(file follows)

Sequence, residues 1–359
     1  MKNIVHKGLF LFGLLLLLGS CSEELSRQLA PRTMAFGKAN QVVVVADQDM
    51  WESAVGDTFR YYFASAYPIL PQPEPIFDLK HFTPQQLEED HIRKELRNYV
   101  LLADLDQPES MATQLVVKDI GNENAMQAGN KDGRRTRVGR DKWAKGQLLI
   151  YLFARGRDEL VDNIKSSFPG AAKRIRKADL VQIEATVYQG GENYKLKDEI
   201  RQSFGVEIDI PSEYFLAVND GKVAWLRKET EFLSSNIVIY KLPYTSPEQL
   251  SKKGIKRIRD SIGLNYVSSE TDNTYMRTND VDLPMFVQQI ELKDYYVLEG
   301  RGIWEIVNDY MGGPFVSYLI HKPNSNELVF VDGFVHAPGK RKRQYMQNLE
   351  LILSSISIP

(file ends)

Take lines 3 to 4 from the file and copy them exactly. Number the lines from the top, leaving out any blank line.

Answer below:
    51  WESAVGDTFR YYFASAYPIL PQPEPIFDLK HFTPQQLEED HIRKELRNYV
   101  LLADLDQPES MATQLVVKDI GNENAMQAGN KDGRRTRVGR DKWAKGQLLI